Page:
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The Restoration
Other CX19s

Bulletin 17 - 16th April - 30th April 2006

We've been turning our attention to the rear brakes and hubs. Again we found the linings to be in good condition, but like the front axle the taper roller bearings were showing signs of wear. Further dismantling revealed that the nearside oil seal was starting to break up. This is made of felt and had attached itself to the ring that the hub butts on to. It looked as though the cage had been rotating but the seal hadn't and both needed replacement. Spares weren't readily available in the UK and although David had offered to send a pair of seals from Turramurra stores, the time factor was critical. We decided to do away with the old felt seals and their cages and replace with new modern lip seals.

But this can lead to its own problems. The hub is designed to rotate against the abutment ring with the felt seals in between. However, the new lip seals need a little bit of clearance otherwise the friction created would soon wreck them. To get the required clearance we had to shim the hub out just enough to get a feeler gauge in between the ring and the new seal. It then followed that the hub clamping bolt would not screw up far enough to allow the lock screw to line up with the hole in the axle tube. The manual says you can drill and tap a new hole in the axle tube, but we were reluctant to do that. The problem was solved by adjusting shims and that did the business.

A final check on all the grease points revealed that two of the four points which lubricate the brake cam spindles were not taking grease. Each cam spindle is located by two tubular castings with brass bush inserts. Both spindles were removed and it was discovered that two of the four brass bushes had turned by about 90 degrees, thereby effectively blanking off their greasing points. The offside bush was removed and re-inserted so that it was correctly orientated with the grease nipple. But the other bush refused to budge and it was clear that it was not going to come out without damaging it. A new hole was drilled in the bush through the grease nipple aperture and this resolved the problem.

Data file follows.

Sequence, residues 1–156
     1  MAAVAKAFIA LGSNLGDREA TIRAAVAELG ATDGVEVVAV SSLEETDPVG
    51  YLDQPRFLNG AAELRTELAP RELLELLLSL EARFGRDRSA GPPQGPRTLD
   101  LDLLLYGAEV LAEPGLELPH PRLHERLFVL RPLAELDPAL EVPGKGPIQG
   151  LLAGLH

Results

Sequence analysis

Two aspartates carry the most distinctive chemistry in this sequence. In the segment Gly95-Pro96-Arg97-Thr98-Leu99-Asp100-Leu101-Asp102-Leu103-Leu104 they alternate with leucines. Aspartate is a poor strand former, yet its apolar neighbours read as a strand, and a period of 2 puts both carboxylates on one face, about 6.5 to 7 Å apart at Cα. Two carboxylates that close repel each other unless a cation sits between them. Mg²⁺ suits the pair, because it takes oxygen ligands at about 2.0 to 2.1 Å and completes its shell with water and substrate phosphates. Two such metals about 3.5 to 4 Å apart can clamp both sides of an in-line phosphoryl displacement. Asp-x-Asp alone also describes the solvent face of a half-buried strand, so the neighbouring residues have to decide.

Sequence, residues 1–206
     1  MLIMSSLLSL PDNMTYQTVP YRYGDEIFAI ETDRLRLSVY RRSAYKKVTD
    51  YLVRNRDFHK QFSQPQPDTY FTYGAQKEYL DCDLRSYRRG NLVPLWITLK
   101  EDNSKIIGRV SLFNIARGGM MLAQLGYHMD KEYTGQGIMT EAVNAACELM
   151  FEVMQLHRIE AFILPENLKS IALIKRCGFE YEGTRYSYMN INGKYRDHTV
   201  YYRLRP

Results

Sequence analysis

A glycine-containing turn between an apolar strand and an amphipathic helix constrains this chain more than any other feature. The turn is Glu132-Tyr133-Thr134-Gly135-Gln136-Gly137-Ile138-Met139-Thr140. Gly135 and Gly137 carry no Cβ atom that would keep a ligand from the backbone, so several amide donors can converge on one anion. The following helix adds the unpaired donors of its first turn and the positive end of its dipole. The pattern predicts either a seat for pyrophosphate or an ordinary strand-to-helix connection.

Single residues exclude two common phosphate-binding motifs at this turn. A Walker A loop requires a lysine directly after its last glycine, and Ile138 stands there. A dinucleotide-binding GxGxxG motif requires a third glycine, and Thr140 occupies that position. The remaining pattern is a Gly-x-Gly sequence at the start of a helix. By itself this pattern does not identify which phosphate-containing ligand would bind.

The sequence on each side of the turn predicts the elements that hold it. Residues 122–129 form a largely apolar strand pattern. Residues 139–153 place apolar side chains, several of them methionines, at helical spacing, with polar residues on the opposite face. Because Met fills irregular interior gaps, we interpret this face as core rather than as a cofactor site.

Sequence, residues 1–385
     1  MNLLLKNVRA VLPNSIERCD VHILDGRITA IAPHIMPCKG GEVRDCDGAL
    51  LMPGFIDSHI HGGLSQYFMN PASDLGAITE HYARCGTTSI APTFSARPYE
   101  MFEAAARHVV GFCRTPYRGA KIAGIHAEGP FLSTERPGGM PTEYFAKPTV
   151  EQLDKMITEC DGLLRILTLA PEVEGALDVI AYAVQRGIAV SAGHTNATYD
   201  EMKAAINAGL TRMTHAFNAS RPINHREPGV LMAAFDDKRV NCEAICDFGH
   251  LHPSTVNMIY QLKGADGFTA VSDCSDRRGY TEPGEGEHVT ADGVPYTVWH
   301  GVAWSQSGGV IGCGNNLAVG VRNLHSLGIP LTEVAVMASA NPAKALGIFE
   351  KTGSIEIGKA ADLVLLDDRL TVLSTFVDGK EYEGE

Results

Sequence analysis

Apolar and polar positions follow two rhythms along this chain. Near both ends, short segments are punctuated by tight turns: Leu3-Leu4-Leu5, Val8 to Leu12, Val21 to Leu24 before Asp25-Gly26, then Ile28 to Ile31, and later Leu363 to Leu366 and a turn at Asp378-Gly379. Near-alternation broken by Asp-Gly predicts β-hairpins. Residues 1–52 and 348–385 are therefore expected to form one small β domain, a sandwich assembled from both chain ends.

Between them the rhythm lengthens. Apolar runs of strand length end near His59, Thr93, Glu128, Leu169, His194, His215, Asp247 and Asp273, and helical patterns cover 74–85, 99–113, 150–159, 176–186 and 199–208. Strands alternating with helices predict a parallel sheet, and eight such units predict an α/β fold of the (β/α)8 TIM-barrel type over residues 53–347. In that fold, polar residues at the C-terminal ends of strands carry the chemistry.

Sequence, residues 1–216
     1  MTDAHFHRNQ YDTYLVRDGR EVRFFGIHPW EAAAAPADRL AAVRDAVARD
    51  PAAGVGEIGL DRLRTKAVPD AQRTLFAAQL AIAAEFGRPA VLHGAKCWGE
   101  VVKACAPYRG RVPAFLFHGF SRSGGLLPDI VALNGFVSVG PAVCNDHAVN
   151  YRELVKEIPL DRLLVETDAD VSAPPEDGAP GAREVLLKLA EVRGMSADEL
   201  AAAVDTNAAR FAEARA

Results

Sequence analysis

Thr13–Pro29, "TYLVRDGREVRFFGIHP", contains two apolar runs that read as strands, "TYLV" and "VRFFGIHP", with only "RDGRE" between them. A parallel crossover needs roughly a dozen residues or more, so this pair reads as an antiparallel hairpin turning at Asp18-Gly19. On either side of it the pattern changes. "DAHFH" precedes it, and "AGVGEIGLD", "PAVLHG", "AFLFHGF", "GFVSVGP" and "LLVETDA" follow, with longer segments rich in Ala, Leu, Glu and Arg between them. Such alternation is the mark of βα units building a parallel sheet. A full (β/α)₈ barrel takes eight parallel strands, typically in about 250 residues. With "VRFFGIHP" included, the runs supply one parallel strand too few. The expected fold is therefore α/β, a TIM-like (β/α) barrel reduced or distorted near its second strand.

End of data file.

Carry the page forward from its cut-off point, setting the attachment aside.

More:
When we refitted the half shafts we noticed that the bolt holes in the nearside driving flange were elongated. At some point the bus had been running with these bolts not fully tightened and this had caused the wear in the driving flange. Additionally one of the driving flange bolts was missing altogether and an HD replacement would not tighten because the thread in the hub was stripped. The hub was taken to a bench where a Helicoil thread repair insert was fitted. Finally a replacement driving flange was sourced from Davies donor HD lorry. With this fitted, the overhaul of the rear brakes and hubs was complete.

During the last few weeks Jasper has fitted six new tyres, tubes and flaps onto our newly shotblasted and painted wheels. Having finished the brake overhaul we worked late that evening to get the wheels fitted as the bus may soon require to be moved to get more headroom for repanelling the roof..


The rear brake and hub overhaul begins. John removes the clamping
bolt from the hub

And then the brake shoes.

John examines the felt oil seal. It's split and cannot be reused.

Left: The hub is placed in the press and a new lip type seal sits in its recess ready to be eased into place. Right: The plate goes in and the seal gets pressed snugly into place.

  One of the threads for retaining a driving flange bolt is found to be stripped, so a new Helicoil insert is fitted.

The hub, complete with Helicoil insert and new seal, awaits fitment. With the new type of seal fitted, the hub will now require a few thou clearance to the abutment ring which is visible between the brake shoes.

The hub goes back on and the driving flange now has a full set of bolts.

The wheels go back on with their new 10.00 x 20 tyres.

And meanwhile the panelling is proceeding apace.